Commentary: The National Anti-Corruption Strategy in perspective: 2019 – 2023 strategy implementation


By: Bernard Abass Kargbo – Public Education Officer, ACC.


Section (5) subsection (1) (c) of the Anti-Corruption (Amendment) Act 2019, states that the National Anti-Corruption Strategy Coordinating Secretariat is responsible for directing the National Anti-Corruption Strategy’s (NACS) implementation through the Office of the Commissioner.

The Coordinating Secretariat uses a multi-faceted strategy of; enforcement, prevention, public engagement, sustainable partnership, and ethical reorientation in the public, religious, civil society, and private sectors, all of which are carried out by established Integrity Management Committees (IMCs) in all Ministries, Departments and Agencies (MDAs). This Strategy outlines specific objectives to addressing the problem of corruption in Sierra Leone.

By the end of 2018, many MDAs had already established IMCs, which was crucial to the Strategy’s successful implementation.


A National Anti-Corruption Strategy was proposed in 2003 as a result of the United Nations Convention Against Corruption (UNCAC), and it was approved by the Sierra Leone Parliament in 2004. The UNCAC provisions in Chapter 11, Article 5 demand Governments create a national anti-corruption strategy, and MDAs are being put in charge of ensuring compliance through the establishment of Integrity Management Committees (IMCs).

This method can create a set of cross-sectoral shared obligations, encourage cross-sectoral cooperation, and rekindle interest in reducing corruption and creating a more moral society. Legal, policy, technological, and institutional interventions in the public, religious, and commercial sectors are part of the approach, and the institutional policies of the ACC are assisting MDAs in using their internal reflection as a compass.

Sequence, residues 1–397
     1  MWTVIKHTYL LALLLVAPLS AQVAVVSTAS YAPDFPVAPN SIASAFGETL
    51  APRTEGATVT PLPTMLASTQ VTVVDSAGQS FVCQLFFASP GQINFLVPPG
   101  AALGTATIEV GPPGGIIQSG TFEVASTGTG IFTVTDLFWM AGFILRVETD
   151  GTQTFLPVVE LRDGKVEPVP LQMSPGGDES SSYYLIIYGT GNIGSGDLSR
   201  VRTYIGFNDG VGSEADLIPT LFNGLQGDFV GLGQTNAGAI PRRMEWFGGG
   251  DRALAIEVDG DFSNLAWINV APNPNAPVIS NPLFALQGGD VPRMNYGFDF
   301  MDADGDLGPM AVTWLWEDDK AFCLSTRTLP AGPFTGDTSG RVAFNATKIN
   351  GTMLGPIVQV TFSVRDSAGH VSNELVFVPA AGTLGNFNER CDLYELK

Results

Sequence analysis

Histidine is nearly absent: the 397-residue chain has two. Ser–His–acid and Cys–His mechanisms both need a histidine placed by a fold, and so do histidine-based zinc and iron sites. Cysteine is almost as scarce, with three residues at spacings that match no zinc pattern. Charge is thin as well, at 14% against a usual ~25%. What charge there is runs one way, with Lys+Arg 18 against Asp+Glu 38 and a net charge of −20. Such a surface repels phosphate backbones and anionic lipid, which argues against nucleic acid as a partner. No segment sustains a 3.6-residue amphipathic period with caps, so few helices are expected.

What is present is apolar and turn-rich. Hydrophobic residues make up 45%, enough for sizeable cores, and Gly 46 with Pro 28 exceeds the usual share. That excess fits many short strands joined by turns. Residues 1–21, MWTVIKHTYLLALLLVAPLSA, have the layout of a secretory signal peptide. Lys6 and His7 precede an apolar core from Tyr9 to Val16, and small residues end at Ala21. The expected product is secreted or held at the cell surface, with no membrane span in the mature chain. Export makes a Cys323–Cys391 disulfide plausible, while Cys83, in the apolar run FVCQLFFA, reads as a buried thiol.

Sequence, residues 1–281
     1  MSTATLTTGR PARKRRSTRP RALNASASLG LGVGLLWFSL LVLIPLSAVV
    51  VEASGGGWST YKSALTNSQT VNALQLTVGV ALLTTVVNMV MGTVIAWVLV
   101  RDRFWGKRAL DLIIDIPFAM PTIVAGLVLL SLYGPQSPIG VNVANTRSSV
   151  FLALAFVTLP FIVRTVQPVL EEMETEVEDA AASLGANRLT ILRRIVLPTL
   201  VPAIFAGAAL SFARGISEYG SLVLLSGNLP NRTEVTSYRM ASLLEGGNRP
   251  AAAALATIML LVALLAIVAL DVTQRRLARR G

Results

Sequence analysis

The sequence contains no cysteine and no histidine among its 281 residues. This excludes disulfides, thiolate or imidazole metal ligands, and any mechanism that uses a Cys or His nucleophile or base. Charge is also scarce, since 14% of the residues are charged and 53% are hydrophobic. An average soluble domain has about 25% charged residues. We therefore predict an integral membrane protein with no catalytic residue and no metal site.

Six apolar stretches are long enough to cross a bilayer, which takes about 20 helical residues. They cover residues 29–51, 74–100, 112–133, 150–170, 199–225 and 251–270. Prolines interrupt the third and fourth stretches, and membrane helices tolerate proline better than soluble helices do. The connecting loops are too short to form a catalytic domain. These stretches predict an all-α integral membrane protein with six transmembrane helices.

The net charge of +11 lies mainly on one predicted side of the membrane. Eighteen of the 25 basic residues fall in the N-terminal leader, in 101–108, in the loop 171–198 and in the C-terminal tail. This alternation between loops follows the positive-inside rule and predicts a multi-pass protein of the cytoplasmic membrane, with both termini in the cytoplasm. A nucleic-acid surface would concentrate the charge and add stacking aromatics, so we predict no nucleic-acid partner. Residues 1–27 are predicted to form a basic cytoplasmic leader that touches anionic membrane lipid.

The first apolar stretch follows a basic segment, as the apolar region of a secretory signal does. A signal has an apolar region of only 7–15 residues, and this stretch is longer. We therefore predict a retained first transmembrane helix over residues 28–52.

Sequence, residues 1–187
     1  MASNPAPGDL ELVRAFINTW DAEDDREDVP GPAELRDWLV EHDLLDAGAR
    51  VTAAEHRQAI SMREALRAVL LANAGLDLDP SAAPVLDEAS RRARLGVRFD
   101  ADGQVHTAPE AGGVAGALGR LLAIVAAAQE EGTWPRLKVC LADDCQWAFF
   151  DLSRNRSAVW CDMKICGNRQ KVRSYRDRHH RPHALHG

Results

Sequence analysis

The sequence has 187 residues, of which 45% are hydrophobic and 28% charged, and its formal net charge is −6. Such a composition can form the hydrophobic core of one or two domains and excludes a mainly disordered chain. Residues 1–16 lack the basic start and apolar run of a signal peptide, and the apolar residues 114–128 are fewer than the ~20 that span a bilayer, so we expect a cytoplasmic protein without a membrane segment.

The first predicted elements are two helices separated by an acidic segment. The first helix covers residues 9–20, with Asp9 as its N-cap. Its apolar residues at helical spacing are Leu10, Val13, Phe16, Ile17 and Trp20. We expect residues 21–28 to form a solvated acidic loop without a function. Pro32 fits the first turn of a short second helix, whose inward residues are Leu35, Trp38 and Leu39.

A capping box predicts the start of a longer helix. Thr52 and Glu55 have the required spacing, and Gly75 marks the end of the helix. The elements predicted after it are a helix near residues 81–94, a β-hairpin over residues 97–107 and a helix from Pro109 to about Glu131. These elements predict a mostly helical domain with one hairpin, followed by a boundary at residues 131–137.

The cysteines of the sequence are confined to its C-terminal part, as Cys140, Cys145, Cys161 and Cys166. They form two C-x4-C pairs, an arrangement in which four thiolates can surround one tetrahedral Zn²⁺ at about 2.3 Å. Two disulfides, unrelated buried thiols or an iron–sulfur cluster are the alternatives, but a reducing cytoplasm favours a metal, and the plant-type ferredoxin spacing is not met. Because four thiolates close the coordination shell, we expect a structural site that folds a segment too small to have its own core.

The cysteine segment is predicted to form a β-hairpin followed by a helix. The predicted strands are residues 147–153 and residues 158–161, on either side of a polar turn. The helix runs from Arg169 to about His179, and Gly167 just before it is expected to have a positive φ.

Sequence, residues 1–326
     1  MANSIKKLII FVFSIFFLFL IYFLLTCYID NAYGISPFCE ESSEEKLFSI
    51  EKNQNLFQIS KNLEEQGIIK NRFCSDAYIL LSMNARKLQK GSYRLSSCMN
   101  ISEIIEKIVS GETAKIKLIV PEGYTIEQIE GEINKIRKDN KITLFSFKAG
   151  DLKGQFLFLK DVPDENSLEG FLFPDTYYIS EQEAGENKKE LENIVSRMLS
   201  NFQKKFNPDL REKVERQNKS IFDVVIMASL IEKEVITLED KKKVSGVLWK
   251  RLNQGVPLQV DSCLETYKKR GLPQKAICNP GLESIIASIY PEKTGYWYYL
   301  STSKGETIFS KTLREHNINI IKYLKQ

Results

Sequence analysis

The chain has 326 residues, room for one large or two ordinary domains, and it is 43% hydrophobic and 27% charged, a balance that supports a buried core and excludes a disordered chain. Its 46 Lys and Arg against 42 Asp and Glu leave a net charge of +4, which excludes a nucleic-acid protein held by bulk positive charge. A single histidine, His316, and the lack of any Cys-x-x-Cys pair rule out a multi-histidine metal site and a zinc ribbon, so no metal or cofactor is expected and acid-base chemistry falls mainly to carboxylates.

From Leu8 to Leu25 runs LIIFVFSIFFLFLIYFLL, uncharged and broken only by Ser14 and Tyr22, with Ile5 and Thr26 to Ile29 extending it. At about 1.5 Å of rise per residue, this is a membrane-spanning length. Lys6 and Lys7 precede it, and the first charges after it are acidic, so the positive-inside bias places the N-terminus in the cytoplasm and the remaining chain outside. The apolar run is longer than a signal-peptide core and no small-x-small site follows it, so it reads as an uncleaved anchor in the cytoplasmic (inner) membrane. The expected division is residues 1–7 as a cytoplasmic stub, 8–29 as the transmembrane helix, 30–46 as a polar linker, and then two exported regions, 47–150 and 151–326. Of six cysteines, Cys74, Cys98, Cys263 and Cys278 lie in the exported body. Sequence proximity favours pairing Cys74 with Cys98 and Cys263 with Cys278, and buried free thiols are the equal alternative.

Three National Anti-Corruption Implementation Action Plans have been released by the nation since the Anti-Corruption Commission was established in 2000: Two strategies; Prevention and Enforcement, were established under the first National Anti-Corruption Implementation Action Plan (2005). The second National Anti-Corruption Implementation Action Plan (2008–2013) took an incremental approach, building on the first strategy, broadening the prevention concept, incorporating the National Integrity System, focusing on constructive engagement, and emphasizing institutional-strengthening measures throughout the public sector. The third National Anti-Corruption Implementation Action Plan (2014-2018) placed equal emphasis on political (representing national interests) and technical (based on numerous research, public discussions, surveys, and comparisons with anti-corruption programs in other nations) issues.

The fourth-generation National Anti-Corruption Implementation Action Plan is created to outline the processes and procedures for putting the actions decided upon by stakeholders during a nation-wide stakeholders’ consultation by the framework, priorities, and goals of the National Anti-Corruption Strategy 2019-2023. These steps include specific benchmarks and anti-corruption measures (Functionality of the IMCs, Internal Audit System, Procurement System, and Human Resources and Administration), and they are to be implemented by the relevant MDAs, Councils, Religious entities, and the private sector.